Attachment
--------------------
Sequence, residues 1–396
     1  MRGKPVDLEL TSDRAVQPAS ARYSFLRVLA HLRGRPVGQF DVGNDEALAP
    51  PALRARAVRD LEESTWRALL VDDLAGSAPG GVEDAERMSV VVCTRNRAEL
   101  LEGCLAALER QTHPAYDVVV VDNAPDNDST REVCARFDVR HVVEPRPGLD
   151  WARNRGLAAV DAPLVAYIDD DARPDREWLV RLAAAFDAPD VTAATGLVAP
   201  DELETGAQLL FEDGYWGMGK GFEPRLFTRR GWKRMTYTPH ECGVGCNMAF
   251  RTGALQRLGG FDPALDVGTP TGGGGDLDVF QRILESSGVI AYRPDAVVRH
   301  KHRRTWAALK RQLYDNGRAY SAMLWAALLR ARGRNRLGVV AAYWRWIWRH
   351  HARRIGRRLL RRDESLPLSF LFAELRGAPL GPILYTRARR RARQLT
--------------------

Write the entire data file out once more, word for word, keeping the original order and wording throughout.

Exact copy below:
Sequence, residues 1–396
     1  MRGKPVDLEL TSDRAVQPAS ARYSFLRVLA HLRGRPVGQF DVGNDEALAP
    51  PALRARAVRD LEESTWRALL VDDLAGSAPG GVEDAERMSV VVCTRNRAEL
   101  LEGCLAALER QTHPAYDVVV VDNAPDNDST REVCARFDVR HVVEPRPGLD
   151  WARNRGLAAV DAPLVAYIDD DARPDREWLV RLAAAFDAPD VTAATGLVAP
   201  DELETGAQLL FEDGYWGMGK GFEPRLFTRR GWKRMTYTPH ECGVGCNMAF
   251  RTGALQRLGG FDPALDVGTP TGGGGDLDVF QRILESSGVI AYRPDAVVRH
   301  KHRRTWAALK RQLYDNGRAY SAMLWAALLR ARGRNRLGVV AAYWRWIWRH
   351  HARRIGRRLL RRDESLPLSF LFAELRGAPL GPILYTRARR RARQLT